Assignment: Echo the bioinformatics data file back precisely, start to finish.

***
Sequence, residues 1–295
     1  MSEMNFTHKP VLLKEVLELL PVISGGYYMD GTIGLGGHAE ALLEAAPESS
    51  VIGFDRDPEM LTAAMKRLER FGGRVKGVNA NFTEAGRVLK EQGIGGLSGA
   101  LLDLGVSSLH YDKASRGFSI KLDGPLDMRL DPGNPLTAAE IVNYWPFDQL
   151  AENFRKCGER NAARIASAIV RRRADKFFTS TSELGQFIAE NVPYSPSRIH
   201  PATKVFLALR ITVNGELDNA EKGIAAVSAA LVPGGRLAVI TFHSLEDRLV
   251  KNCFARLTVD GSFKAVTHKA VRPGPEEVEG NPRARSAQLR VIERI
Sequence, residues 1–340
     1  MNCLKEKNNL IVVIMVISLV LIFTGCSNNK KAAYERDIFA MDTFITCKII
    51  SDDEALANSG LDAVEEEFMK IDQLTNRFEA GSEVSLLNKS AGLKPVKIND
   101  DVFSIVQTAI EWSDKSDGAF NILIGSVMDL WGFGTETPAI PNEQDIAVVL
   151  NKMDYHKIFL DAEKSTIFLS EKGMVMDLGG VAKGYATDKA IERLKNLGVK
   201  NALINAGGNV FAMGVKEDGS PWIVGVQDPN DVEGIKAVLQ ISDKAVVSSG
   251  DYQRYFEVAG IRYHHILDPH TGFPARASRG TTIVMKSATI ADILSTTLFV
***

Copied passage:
Sequence, residues 1–295
     1  MSEMNFTHKP VLLKEVLELL PVISGGYYMD GTIGLGGHAE ALLEAAPESS
    51  VIGFDRDPEM LTAAMKRLER FGGRVKGVNA NFTEAGRVLK EQGIGGLSGA
   101  LLDLGVSSLH YDKASRGFSI KLDGPLDMRL DPGNPLTAAE IVNYWPFDQL
   151  AENFRKCGER NAARIASAIV RRRADKFFTS TSELGQFIAE NVPYSPSRIH
   201  PATKVFLALR ITVNGELDNA EKGIAAVSAA LVPGGRLAVI TFHSLEDRLV
   251  KNCFARLTVD GSFKAVTHKA VRPGPEEVEG NPRARSAQLR VIERI
Sequence, residues 1–340
     1  MNCLKEKNNL IVVIMVISLV LIFTGCSNNK KAAYERDIFA MDTFITCKII
    51  SDDEALANSG LDAVEEEFMK IDQLTNRFEA GSEVSLLNKS AGLKPVKIND
   101  DVFSIVQTAI EWSDKSDGAF NILIGSVMDL WGFGTETPAI PNEQDIAVVL
   151  NKMDYHKIFL DAEKSTIFLS EKGMVMDLGG VAKGYATDKA IERLKNLGVK
   201  NALINAGGNV FAMGVKEDGS PWIVGVQDPN DVEGIKAVLQ ISDKAVVSSG
   251  DYQRYFEVAG IRYHHILDPH TGFPARASRG TTIVMKSATI ADILSTTLFV